So long, Long Stone – An Irishman’s Diary on the changing face of Dublin
The Long Stone Pub on Townsend Street, Dublin. Photograph: Dara Mac Dónaill
The recent closure of the Long Stone pub in Dublin’s Townsend Street to make way for major developments just south of the Liffey didn’t attract much media attention, although it was one of the city’s historic hostelries with a provenance dating back to the 1750s and a name that recalled the Norse invasion in the ninth century.
Until the late 17th and early 18th centuries, when entrepreneurs like William Hawkins and Sir John Rogerson took matters in hand, the Liffey wasn’t banked and its tideway extended into the land on either side.
The area under modern Westmoreland and D’Olier streets would have been particularly marshy because it also hosted a stream that meandered south from somewhere near modern Harcourt Road but, immediately to the east, there was an area of elevated ground that protruded into the Liffey rather like Ringsend further down the river.
It became a place for the invaders to beach their long boats and, in time, they erected an unhewn stone or a stein, as they would have called it, rising three to four metres above ground, at what is now the junction of Hawkins, College and Townsend Streets, to mark their ownership of the land.
The Stein gave a name to the stream and to the general area and in 1220, when the Normans were in control, the archbishop, Henry of London, sponsored the building of a hospital at “La Steyne” in honour of God and St James.
It became a “lazaretto” or hostel for lazars, the common name for lepers because the biblical Lazarus was said to have the disease, and it may have accommodated sufferers waiting to board ships to travel to the shrine of St James, the patron of lepers, at Santiago de Compostela.
The Long Stone of the Steyne, as the marker was later known, featured in Sir William Petty’s Survey of Ireland in 1654 and survived in situ until about 1750 when it disappeared or was broken up.
In 1862, its location was chosen for a memorial fountain for Sir Philip Crampton, the late surgeon- general of the army in Ireland and a founder of the Dublin Zoological Society. This was widely considered to be an ugly piece of work and attracted sobriquets such as the stalk or the cauliflower. When it partly collapsed in February 1959 there was no attempt to restore it.
In 1986, Dublin Corporation accepted a sculpture from Cliodna Cussen that recalled the Stein and placed it at the junction of Hawkins and Pearse Streets.
Townsend Street is one of the few thoroughfares in the city with name plates carrying quite different Irish and English names. In Irish, it’s Sráid Chnoc na Lobhar, the Hill of the Lepers, a reference to the hostel and a translation of the late medieval name, Lazar’s Hill, or Lazy Hill from the 1640s.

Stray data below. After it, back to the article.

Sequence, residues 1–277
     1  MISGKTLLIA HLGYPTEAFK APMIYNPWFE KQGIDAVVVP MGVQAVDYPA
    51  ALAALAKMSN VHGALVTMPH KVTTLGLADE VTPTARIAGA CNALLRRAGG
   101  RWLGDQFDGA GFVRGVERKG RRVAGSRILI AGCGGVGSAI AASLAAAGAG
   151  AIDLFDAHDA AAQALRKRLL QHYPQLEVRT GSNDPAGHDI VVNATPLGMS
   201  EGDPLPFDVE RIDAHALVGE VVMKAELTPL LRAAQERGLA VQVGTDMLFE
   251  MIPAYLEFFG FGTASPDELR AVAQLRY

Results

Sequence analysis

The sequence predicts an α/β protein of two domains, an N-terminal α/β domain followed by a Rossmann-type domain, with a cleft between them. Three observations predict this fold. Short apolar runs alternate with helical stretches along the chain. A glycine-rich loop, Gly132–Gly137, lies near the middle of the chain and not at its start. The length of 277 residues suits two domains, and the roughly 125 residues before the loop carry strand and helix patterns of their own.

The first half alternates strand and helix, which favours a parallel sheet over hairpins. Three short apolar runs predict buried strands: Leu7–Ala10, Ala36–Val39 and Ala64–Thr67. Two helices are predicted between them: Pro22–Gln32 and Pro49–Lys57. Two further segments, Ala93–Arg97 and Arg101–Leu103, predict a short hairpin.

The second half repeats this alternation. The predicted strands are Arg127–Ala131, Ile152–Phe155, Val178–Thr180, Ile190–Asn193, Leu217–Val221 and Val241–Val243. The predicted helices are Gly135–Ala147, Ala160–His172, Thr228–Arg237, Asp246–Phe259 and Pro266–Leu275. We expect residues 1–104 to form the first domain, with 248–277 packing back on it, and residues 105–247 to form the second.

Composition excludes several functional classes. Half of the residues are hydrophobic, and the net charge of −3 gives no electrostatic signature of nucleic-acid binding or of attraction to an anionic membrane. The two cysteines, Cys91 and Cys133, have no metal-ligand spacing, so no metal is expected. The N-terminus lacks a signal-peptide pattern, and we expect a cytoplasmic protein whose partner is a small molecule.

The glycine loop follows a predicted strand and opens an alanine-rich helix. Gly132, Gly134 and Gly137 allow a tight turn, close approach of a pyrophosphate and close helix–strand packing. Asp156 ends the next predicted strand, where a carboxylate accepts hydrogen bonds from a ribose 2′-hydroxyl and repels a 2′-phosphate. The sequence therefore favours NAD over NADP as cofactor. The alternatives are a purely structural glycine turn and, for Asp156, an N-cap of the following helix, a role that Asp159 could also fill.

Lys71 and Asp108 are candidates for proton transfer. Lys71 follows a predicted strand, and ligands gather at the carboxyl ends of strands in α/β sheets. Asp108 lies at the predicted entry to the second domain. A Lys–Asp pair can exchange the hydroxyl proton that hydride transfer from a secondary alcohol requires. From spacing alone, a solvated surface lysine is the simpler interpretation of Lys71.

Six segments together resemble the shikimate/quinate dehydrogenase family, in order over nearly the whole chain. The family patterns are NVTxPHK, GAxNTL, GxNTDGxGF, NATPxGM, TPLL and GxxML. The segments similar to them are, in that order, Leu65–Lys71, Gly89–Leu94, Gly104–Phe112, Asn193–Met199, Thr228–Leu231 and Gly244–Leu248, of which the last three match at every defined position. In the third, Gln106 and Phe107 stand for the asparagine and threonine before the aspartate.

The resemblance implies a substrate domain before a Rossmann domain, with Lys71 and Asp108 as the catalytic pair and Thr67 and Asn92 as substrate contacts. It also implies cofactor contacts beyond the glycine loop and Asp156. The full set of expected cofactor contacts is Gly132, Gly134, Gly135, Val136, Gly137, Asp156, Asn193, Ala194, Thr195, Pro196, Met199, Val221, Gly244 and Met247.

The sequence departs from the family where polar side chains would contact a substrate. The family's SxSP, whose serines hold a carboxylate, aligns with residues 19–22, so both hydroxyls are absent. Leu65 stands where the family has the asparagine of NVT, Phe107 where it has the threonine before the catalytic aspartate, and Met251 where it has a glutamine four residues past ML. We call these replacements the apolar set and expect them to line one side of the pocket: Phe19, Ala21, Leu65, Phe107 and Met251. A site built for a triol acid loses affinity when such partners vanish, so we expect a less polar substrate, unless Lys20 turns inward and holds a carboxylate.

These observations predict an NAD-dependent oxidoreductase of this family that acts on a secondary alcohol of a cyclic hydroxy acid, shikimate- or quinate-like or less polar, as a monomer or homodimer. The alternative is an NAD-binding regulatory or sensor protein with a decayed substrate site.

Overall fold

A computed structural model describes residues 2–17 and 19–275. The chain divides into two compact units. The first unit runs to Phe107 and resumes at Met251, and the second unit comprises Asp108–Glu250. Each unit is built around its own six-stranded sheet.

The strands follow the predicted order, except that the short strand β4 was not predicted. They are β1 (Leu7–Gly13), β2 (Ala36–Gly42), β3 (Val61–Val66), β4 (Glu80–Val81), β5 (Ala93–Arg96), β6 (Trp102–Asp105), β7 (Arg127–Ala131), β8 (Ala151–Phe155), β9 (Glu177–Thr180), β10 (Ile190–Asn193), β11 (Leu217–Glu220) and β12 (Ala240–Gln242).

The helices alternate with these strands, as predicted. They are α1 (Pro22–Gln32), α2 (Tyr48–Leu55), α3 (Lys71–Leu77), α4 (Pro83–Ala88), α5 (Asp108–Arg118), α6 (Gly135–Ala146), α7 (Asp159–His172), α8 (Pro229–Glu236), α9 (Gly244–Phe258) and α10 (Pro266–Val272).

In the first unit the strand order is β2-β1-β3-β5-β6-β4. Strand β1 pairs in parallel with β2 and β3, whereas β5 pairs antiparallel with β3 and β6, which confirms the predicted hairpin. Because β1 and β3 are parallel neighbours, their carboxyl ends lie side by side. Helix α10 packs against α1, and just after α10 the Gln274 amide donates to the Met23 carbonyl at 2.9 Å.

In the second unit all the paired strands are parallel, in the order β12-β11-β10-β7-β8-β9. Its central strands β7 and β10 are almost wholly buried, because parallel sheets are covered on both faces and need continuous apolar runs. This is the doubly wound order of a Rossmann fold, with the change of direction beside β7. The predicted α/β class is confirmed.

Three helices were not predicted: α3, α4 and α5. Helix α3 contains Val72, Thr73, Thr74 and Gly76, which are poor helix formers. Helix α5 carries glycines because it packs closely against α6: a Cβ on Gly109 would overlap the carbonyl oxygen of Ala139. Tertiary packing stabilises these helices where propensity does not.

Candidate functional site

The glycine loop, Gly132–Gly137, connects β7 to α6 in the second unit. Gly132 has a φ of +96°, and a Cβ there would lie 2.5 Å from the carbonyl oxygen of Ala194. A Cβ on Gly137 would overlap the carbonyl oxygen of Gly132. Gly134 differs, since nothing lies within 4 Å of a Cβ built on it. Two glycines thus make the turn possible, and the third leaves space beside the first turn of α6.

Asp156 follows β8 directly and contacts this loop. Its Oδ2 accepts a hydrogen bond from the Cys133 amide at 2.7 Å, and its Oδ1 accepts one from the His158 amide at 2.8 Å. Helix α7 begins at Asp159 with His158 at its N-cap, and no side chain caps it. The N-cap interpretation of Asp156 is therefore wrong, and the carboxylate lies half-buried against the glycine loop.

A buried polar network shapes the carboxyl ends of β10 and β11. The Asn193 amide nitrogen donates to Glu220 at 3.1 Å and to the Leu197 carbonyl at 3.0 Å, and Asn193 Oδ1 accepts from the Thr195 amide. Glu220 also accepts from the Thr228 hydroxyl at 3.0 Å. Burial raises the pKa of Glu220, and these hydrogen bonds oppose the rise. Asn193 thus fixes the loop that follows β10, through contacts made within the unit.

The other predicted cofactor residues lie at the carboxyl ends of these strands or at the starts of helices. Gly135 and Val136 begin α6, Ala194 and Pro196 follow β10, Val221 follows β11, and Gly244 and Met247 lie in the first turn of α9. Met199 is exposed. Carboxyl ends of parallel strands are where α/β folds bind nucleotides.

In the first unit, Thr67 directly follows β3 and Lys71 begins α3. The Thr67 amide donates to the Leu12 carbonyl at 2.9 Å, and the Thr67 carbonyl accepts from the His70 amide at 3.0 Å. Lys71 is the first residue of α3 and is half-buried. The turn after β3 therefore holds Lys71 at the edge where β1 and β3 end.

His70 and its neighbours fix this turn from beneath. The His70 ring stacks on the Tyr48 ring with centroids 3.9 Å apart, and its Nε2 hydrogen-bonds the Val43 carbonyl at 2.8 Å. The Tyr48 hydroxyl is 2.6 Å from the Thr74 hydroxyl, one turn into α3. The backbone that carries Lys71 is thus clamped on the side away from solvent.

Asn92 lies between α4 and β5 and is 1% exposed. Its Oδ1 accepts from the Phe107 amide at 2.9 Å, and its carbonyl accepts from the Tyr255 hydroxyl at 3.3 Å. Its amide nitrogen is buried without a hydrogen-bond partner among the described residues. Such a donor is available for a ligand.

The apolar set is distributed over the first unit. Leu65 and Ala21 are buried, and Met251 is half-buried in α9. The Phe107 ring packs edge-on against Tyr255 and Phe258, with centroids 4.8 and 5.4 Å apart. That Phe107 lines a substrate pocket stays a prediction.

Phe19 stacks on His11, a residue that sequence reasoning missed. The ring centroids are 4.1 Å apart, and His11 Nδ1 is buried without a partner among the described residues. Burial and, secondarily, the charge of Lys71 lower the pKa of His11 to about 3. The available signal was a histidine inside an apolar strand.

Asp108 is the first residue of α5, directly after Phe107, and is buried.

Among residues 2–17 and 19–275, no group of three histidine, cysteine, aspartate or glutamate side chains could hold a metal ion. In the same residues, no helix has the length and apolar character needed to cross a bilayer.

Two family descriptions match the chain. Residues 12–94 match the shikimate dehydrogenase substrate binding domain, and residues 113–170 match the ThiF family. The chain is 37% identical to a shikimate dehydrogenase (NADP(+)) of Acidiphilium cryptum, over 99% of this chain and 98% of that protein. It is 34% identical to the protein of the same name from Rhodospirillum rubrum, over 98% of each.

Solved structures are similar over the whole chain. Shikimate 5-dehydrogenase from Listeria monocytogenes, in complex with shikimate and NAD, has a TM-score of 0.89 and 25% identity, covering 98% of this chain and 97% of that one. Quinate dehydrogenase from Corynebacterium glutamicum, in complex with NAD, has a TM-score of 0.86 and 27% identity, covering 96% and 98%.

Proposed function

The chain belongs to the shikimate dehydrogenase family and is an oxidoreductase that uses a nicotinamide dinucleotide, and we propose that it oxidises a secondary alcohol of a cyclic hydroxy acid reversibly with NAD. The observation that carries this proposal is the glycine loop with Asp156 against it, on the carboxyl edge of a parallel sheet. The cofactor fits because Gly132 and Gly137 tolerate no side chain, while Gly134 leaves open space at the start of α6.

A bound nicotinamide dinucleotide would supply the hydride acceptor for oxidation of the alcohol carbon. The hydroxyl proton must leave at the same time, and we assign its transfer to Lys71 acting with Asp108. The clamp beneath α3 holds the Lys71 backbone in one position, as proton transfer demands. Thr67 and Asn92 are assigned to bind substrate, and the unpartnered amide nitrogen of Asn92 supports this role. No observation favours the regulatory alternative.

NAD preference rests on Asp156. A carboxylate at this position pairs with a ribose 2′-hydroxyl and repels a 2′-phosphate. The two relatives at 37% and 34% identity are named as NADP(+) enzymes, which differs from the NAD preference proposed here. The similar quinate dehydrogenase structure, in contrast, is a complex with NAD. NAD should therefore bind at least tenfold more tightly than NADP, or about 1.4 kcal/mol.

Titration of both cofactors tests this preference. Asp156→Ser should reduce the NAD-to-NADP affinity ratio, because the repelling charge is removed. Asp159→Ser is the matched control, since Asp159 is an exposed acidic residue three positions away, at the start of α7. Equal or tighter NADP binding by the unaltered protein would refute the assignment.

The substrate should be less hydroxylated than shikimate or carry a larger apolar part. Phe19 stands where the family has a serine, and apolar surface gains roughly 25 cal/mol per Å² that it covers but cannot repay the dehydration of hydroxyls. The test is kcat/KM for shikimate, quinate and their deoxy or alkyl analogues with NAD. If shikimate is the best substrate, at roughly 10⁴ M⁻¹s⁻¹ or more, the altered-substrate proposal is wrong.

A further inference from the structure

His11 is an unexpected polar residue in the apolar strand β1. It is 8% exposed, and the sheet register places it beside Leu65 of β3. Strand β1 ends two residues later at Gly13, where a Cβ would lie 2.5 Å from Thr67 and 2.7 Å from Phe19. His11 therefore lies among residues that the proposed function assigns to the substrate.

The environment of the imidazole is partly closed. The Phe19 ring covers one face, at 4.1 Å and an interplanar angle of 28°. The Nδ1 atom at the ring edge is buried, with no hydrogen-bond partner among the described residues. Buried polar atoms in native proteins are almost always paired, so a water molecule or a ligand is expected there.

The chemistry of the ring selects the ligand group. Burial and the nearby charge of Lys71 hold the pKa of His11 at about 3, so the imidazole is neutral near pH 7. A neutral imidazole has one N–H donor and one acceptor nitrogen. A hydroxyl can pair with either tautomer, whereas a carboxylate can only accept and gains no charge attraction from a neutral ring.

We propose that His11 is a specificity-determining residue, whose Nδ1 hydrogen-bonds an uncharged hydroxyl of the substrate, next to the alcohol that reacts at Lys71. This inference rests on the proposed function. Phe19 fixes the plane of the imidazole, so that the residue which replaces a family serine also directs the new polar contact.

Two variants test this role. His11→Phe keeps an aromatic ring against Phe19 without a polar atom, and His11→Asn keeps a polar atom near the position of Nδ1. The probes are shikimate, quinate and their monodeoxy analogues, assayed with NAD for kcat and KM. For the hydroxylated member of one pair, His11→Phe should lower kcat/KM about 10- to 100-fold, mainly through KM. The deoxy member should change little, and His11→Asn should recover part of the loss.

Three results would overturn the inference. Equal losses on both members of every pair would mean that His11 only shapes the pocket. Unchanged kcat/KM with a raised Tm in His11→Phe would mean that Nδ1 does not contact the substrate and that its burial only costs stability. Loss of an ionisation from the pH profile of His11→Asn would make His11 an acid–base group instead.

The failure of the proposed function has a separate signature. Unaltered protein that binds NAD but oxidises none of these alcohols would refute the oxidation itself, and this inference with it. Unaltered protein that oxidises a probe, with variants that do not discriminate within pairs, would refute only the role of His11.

According to some name plates, nearby Westmoreland street is Sráid an Fheistighe, the Street of the Assembly House, a reference to the old parliament building and ironic because the street wasn’t opened until 1801, when the parliament had closed. And Nassau Street, named after Richard Nassau Molesworth, an 18th-century aristocrat, is Sráid Thobair Phádraigh in memory of an ancient well. But newer name plates proclaim that they are also Sráid Westmoreland and Sráid Nassau respectively.
Following the local elections of January 1920, Sinn Féin, other nationalists and the Labour Party dominated the Dublin Municipal Council and later that year they set up a committee to consider the nomenclature of the city’s streets.
Its report, published in April 1921, stated that 19 placenames were derived from kings, queens and other royals, that 49 commemorated viceroys or their families, that up to 120 were named after state officials, lord mayors, noblemen, and property owners or their connections and that there were “few cities in the civilised world where the names of governors, oppressors and despoilers have been honoured to the same extent”.
The committee then proposed a long list of changes but, unfortunately for their patriotic fervour, the Dublin Corporation Act, 1890, stipulated that the agreement of half of the ratepayers “by number and value” was required before any new name could be adopted for a street and most of the proposals didn’t go to a plebiscite, probably because a negative outcome seemed certain.
So, for example, while Great Brunswick Street became Pearse Street, and Gloucester Street became Sean MacDermott Street, North Earl and Talbot Streets didn’t become Brian Boru Street, Baggot Street didn’t become Sheares Street, Fitzwilliam Square didn’t become Plunkett Square, Grafton Street didn’t become Grattan Street, the existing Grattan Street didn’t become Grattan Street Little, Capel and Bolton Streets didn’t become Silken Thomas Street and the streets between Dame Street and Kelly’s Corner didn’t become Cahermore Road in memory of a mythical king of Leinster.
The developments which will replace Hawkins House, the Screen Cinema and Apollo House as well as the Long Stone pub will include a thoroughfare as yet unnamed. Steyne Street, Sráid na Cloiche Fada, perhaps?